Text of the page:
WASHINGTON (Reuters) - General Motors Corp restructuring efforts are likely to go right up to the June 1 deadline set by the Obama administration, but not beyond, a White House economic adviser said on Friday.
“I think the government is going to let it play out but not in a passive sense,” Austan Goolsbee, a member of the White House Council of Economic Advisers and a member of the autos task force, said in an interview on Reuters Television.
“There’s no question that if everybody came to agreement early, they could do something earlier than the deadline but I think the deadline is the last date,” he said in an interview on the White House lawn. “I doubt seriously they’re going to let it go past the stated deadline.”
GM and the United Auto Workers union on Thursday reached a tentative agreement to cut hourly labor costs and restructure the funding for $20 billion owed to a union-aligned trust for retiree healthcare.
Analysts have said that puts the focus now on GM bondholders who are being asked to forgive debt in exchange for a 10 percent stake in a reorganized company.
Representatives of the bondholders have rejected that offer as insufficient. The U.S. Treasury would hold a majority stake in a reorganized company under GM’s proposal. The UAW would hold 39 percent and current shareholders would get 1 percent.
Goolsbee said GM bondholders were wrong if they assumed that the government support for the automaker would fund a bailout for creditors.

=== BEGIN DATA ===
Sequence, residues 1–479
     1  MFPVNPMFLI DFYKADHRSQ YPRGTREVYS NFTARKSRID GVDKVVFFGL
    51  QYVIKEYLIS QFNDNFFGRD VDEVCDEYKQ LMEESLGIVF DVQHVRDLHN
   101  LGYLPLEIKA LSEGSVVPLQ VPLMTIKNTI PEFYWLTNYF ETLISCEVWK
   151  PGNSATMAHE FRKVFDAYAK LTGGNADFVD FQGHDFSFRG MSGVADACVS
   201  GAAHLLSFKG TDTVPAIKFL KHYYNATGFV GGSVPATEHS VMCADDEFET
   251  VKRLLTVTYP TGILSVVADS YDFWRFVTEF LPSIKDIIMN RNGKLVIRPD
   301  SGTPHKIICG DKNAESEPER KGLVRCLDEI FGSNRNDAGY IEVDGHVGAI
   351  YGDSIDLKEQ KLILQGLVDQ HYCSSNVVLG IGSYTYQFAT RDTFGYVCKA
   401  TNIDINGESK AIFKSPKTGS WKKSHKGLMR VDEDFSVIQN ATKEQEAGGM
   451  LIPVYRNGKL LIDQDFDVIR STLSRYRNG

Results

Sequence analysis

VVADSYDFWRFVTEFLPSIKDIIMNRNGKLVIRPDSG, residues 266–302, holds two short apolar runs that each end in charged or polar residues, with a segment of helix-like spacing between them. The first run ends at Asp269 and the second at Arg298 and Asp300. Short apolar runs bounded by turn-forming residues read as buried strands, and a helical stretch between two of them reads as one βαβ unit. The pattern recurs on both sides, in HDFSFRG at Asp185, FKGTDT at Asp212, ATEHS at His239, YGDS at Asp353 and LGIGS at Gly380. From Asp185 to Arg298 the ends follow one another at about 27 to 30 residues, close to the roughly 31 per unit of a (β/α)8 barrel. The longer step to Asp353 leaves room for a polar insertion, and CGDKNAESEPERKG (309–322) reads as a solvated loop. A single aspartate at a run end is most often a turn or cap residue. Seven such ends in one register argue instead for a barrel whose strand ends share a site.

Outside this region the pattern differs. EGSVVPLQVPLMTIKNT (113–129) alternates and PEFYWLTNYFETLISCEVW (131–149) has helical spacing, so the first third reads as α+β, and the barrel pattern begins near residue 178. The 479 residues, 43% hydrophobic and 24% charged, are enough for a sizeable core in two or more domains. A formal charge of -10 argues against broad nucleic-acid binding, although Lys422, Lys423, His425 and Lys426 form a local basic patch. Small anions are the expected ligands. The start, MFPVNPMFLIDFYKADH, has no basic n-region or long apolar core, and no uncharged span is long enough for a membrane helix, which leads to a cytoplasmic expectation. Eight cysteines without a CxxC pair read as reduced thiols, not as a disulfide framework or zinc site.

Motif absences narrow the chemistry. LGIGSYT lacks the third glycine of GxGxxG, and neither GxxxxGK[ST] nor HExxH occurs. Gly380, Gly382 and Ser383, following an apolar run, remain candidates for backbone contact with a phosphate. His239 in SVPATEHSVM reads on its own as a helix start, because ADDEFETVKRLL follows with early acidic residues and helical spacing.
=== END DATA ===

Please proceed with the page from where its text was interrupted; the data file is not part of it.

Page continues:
“You know the bondholders are going to have to take some haircut. What we’ve seen over past months is the bondholders in some cases holding out thinking that the government will step in and bail out the car companies and we’ll get paid off,” Goolsbee said.
“I think what the president outlined in his remarks pretty clearly was that that’s not going to happen and everybody has got to put some skin in the game,” he said.
GM’s smaller rival Chrysler LLC filed for bankruptcy on April 30 after failing to get an agreement from all of its secured creditors on debt restructuring terms.
“Usually these things, and as you saw with Chrysler, go right up to the deadline,” Goolsbee said.
“They’ve got to work through every possible scenario and figure out how much money would be needed to make the restructuring go, what formats it would take, what steps they have to take legally, and I think this is just part of that process,” he said.
Reporting by Soyoung Kim, David Bailey and Kevin Krolicki in Detroit and July Vorman and Andy Sullivan in Washington
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